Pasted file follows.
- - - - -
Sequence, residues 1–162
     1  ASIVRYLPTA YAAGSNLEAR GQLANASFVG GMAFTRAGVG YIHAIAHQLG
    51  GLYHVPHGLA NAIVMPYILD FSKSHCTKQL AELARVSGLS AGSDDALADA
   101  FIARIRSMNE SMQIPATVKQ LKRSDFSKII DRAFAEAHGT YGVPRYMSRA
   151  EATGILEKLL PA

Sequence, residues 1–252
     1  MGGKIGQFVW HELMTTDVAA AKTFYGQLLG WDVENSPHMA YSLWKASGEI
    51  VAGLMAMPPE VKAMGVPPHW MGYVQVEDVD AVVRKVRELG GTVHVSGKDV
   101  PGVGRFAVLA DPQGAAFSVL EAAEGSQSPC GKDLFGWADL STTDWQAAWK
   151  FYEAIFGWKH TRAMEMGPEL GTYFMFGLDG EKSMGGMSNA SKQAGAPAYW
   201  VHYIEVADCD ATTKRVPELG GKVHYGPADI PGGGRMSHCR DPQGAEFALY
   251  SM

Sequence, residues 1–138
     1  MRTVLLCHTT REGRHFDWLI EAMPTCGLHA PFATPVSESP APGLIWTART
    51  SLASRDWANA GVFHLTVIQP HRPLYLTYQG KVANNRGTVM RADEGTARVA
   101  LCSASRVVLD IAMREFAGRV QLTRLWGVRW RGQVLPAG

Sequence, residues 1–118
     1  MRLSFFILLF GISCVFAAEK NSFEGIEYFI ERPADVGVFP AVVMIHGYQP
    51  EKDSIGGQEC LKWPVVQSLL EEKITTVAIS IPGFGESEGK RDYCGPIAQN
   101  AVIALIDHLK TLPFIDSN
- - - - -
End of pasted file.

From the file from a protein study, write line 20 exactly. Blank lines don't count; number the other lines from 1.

   101  AVIALIDHLK TLPFIDSN